Camping in the Bay Area, California

This is probably fairly obvious to 99.9% of Californians, but as a non-California native, I allowed myself to play the fool and eagerly looked up spur-of-the-moment camping options in the bay area last August. I was of the mindset that on a whim, we should be able to waltz onto some magical campsite, surrounded by magical redwoods, hearing the magical ocean waves crash in the distance. And we should be able to do that for free or close to it because how many people in the bay area actually like camping anyway?

Ha.

In case you’re curious, the camping options in the bay area are really pricey and ruled by ReserveAmerica. I’ll be honest. I can’t stand ReserveAmerica and try to avoid it like the plague. Not only do I hate dropping a lot of money for a campsite, but I hate being forced to pay ReserveAmerica’s fee on top of everything given I really don’t want to deal with them in the first place. And for campsites upwards of $40-50 a night plus the $8 reservation fee – for that price, I’ll take a Hotwire or Priceline hot deal hotel that boasts indoor plumbing and a private hot shower, thanks.

So last August, the prices drove me away immediately from any picturesque camping in the bay area, and I got a little more creative in my searches. I found the Carnegie State Vehicular Recreation Area campground on the outskirts of Livermore, and for $10 a night, we jumped on it. We were having the truck serviced in the bay area early the next day and figured it would be an easier morning if we camped out the night before closer to where we needed to be, so it was just a quick stop anyway.

We arrived late that night and there was no one. Like, not a soul. The campground itself was quite built up – There were bathrooms and showers and running water galore, and each of the 23 sites were flat and had a shelter, fire pit, grill, bear box, trash can, and picnic bench. We unexpectedly had no cell phone reception though, and that in combination with the lack of people in an area where there really should have been people was odd enough to raise the hair on our backs a bit upon arrival. But all turned out well and it was a good spot to park for the night before moving on the next day.


And the rig got a physical and a clean bill of health.


January rolls around. We’re back in the bay area with family, and we’re itching to get away for the weekend. But it’s not August anymore, it’s January. And to boot, California has been getting more rain than it’s seen in years. Who in their right minds would even want to be camping right now (besides us, of course)? So on a Friday, I buck up and open ReserveAmerica to make a Sunday night reservation, fully expecting to have my pick of whatever I wanted. And then I learned my next lesson in bay area camping – everyone camps here, all the time, no matter what, and they are all meticulous planners and book their trips out way in advance.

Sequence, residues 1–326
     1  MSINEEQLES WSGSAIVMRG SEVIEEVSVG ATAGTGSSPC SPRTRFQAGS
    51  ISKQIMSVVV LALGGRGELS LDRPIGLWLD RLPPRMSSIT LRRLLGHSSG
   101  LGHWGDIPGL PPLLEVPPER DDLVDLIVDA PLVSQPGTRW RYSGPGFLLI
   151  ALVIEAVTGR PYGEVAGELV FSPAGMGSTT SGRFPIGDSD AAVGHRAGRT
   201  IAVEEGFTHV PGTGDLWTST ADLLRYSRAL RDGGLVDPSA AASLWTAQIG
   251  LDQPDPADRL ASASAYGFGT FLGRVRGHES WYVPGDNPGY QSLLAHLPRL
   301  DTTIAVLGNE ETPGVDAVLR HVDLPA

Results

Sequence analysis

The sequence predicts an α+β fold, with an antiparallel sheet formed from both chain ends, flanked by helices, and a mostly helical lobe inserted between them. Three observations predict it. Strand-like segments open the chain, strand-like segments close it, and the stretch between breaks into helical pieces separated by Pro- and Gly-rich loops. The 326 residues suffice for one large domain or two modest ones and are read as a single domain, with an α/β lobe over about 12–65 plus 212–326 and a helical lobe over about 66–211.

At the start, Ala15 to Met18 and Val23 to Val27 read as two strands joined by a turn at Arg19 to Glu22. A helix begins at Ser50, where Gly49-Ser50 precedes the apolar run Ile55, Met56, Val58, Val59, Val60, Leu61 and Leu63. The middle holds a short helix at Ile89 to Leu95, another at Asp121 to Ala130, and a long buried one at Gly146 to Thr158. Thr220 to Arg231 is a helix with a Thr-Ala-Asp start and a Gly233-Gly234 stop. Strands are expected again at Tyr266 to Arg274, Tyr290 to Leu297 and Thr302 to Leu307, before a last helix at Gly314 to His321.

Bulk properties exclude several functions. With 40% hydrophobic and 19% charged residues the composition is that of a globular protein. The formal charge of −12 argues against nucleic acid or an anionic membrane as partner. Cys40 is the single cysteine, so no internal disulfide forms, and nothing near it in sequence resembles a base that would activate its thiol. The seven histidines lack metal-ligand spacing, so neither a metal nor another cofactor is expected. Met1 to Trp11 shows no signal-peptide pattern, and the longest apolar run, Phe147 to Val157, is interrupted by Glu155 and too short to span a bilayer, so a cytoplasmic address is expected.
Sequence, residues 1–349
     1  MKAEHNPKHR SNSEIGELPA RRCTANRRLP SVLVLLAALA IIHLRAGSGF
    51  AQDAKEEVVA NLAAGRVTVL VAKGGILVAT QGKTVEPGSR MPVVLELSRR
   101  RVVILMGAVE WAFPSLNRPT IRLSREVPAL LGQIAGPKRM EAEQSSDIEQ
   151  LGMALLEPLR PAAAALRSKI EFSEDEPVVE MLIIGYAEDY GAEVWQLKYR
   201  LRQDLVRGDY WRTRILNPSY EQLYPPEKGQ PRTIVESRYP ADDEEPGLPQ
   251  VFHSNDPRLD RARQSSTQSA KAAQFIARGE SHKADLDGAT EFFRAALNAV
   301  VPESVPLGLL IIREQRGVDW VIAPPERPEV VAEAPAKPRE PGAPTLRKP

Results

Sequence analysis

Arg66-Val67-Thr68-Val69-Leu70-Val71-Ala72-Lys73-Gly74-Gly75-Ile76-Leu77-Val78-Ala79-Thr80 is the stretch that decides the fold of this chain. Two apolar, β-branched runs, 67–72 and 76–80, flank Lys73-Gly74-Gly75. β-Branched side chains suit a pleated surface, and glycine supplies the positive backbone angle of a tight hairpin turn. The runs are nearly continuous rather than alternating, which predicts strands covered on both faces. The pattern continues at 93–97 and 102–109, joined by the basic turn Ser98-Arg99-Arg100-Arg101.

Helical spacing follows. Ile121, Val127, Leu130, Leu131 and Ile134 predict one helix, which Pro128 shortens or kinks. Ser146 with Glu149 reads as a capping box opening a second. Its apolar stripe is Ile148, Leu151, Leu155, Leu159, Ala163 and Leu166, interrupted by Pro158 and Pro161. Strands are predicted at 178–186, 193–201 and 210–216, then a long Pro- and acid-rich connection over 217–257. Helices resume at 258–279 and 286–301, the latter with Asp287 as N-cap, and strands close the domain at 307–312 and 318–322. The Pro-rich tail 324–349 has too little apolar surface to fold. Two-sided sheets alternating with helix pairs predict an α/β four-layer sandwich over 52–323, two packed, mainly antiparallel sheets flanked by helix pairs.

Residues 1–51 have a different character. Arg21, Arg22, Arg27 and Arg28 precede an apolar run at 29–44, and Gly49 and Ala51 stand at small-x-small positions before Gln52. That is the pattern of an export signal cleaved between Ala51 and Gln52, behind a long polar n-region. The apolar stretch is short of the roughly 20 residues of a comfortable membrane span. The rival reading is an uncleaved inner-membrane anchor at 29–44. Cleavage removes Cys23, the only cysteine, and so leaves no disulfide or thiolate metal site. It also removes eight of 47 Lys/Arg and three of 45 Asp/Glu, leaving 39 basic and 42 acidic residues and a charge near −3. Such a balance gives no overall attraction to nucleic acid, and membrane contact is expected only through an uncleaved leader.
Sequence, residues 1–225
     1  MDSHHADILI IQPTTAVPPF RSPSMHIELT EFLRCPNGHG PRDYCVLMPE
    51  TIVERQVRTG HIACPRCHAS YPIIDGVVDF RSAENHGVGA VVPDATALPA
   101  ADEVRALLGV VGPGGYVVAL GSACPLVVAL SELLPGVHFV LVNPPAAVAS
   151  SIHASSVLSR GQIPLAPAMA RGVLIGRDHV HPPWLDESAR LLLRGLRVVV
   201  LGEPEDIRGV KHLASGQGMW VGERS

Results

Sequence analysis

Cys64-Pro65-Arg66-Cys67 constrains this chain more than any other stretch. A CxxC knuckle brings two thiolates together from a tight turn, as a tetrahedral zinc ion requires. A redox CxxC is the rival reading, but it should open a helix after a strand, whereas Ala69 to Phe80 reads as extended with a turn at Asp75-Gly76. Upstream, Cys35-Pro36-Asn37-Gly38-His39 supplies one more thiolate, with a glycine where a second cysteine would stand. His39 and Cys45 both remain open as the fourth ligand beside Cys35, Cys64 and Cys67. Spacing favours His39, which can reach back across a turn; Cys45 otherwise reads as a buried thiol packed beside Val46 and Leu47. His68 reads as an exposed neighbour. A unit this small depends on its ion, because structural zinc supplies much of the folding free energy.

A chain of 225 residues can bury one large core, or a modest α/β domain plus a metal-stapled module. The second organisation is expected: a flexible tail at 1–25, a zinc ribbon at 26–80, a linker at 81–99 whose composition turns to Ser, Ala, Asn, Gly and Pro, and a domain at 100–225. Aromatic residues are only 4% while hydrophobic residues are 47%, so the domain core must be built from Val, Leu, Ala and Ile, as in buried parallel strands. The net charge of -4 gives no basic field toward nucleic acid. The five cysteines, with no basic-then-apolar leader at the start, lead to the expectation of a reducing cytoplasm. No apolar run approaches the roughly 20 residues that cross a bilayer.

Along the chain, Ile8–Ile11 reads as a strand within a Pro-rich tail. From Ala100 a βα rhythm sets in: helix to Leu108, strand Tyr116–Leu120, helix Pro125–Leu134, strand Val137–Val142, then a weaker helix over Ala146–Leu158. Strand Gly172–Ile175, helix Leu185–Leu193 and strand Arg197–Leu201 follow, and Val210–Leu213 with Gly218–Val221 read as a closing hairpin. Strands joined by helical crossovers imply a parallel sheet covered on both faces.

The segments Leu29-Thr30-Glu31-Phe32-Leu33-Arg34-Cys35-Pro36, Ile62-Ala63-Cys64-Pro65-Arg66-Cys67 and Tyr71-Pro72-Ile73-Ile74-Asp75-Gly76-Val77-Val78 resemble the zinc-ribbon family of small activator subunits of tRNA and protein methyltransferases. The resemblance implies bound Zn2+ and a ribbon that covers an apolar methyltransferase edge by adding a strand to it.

So yeah, there was nothing available. I hit their map feature, desperately scanning the area for any campsite that had a site open. The ones that did have sites open were only ADA sites, which we do not qualify for and therefore couldn’t book. After some furious searching and a lot of swearing, I found ONE site. At that point, I didn’t care if it was a site in a dumpster and I booked it while barely mumbling to Clay where we were going.

Luckily for us, it was a spot at Big Basin Redwood State Park, which is California’s oldest state park with a pretty incredible array of gigantic redwoods.

 

It was stunning and beautiful and many references to being on the great moon of Endor were made that evening. If I knew photoshop, I would totally be adding Ewoks to these photos. And even though it was cold enough that night to freeze our bottle of olive oil, we hadn’t been out camping in a few months and it was so wonderful to return to nature.

However, I’m not sure I can recommend camping in the deep forest in wintertime when you’re not set up for winter camping. Obvious to you all, I’m sure. Unfortunately, this was not at the forefront of my brain when I realized via ReserveAmerica that everyone and their mother had booked all the campsites.

We are finishing the final stages of camper modifications and are doing a week-long boondocking test run of our system in February. Looking forward to completing the writeup of our system and to report how the choices we’ve made work out.

But before we go, we are definitely buying a few more blankets.

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